In 2015, industrial robot sales broke its own worldwide record, surpassing 240,000 units globally which was an 8% increase on the previous year (according to the International Federation of Robotics). Robot sales are at a consistent high for the third consecutive year, IFR estimates that there will be around 2.3 million robots operating across the globe in the industrial sector by 2018.
The growth trend is directly related to the race against rising labour costs, aging workforces and a much larger demand for sustained quality and productivity. Advances in technology created easier access to lower-cost technologies, creating a boon for capital investment, corporate research spending and funding from governments. For a lot of manufacturers, there is now seemingly a large disadvantage when considering not to automate and implement robotics.
China on the Apex
The International Federation of Robotics have estimated that by 2018 roughly 1.3 million brand new industrial robots will be implemented in manufacturing plants and facilities globally. Asia will dominate, primarily China will be the largest implementor, followed by Europe and North America. Top industry sectors for robotic are still electronics and automotive
China surpassed Japan as the host to the largest supply of industrial robots in 2013 and has remained number one across all global markets. In 2014 China increased by 56% leaving the traditional top markets for robotics – U.S, Japan, Germany and Korea behind.
Joe Gemma, President & CEO of KUKA Robotics Corporation in Shelby Township, Michigan, is IFR’s newly elected President. He says demands for higher productivity, tighter tolerances, mass customization, miniaturization, and shorter product life cycles are driving double-digit growth for robotics worldwide. Particularly in China, where robot sales rose by 16 percent in 2015.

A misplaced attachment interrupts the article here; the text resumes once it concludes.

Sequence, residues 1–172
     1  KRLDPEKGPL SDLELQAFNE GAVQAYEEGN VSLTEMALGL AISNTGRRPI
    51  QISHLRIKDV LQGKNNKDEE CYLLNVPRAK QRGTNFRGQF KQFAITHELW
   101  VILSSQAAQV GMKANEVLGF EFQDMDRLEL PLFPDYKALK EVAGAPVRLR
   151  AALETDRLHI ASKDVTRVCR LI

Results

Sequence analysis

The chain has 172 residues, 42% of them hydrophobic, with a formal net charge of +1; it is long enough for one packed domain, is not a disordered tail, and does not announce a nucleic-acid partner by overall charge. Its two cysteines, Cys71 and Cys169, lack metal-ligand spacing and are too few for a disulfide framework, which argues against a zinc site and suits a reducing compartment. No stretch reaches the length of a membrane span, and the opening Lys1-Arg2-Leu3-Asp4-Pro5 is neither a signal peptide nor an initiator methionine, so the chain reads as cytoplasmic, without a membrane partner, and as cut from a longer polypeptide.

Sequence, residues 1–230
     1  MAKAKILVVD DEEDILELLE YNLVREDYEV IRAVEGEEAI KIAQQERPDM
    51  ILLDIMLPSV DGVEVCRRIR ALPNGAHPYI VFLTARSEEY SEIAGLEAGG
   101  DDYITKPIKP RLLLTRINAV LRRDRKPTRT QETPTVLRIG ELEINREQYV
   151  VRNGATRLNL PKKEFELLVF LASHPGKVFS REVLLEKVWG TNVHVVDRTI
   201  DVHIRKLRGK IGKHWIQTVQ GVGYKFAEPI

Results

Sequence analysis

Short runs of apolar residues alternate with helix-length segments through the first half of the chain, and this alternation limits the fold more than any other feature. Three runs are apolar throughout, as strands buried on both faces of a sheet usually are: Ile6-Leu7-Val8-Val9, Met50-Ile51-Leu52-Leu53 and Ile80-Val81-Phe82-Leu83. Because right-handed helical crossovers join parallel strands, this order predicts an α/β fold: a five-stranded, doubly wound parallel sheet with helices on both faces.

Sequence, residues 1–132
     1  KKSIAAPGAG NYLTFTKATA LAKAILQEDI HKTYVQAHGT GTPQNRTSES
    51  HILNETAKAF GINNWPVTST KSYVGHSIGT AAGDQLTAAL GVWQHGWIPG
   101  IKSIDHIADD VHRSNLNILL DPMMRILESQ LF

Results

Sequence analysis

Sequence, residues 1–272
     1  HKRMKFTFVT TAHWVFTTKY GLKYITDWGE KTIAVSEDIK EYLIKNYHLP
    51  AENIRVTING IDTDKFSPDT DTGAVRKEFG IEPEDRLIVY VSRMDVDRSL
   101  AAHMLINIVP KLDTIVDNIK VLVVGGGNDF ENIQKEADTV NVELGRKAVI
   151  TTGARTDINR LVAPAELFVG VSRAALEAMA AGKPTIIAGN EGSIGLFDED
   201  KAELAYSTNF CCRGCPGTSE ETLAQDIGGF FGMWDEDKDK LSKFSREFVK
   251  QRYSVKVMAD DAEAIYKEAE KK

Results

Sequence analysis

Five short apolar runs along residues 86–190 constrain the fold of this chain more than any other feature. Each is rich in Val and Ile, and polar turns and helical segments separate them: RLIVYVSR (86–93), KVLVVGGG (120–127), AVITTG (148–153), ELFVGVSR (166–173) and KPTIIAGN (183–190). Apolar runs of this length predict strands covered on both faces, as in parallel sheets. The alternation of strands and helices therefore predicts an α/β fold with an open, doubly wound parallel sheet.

“The automotive industry and the electronics industry by far are the main drivers in China,” says Gemma. “The automotive industry is always a big driver of automation. Installations went from roughly 14,000 to 21,000 units in 2014. But the electronics industry has already started to automate its assembly processes. Robot sales to the electronics industry in China alone rose from roughly 6,500 in 2013 to 16,000 in 2014, so it more than doubled.”
Swiss-based robot manufacturer ABB, Japanese robot makers FANUC, Kawasaki, Nachi, and Yaskawa Motoman, and German-based KUKA still account for the majority of industrial robot sales. But Gemma notes that Chinese robot manufacturers will play an increasingly larger role in automation growth within their country. You can see the significant increase in Chinese robot suppliers from 2013 to 2014 as indicated by the shaded areas in the accompanying bar chart.
“Only a few years ago there was less than a handful of manufacturers,” says Gemma. “The industry is getting a real stronghold in China by equipping itself to be a producer of robots, as well as a consumer of robots.”
Dan Kara is Research Director, Robotics, for ABI Research headquartered in Oyster Bay, New York. He sees the growth in industrial robot installations in Asia, and primarily China, as a major development with long-range implications.
“The large, traditional robot vendors have been in China for a long time. Many of them have offices there,” says Kara. “But now we’re seeing other political and social drivers. The Chinese government is getting involved with issues related to salaries and workforce flexibility. The country as a whole has decided to focus on automation as a way to create an innovation economy as opposed to just a low-cost manufacturing economy. I think this is a massive story.”
He sees the applications in this market expanding as well, from large assemblies in the automotive and white goods industries, to more electronics manufacturing for fine assembly, and even testing.
“One of the areas we see a lot of growth is in the electronics manufacturing services marketplace,” says Kara, referring to large, global contract manufacturers such as Foxconn, Jabil, and Flextronics. “They are trying to automate as much as possible wherever they can.”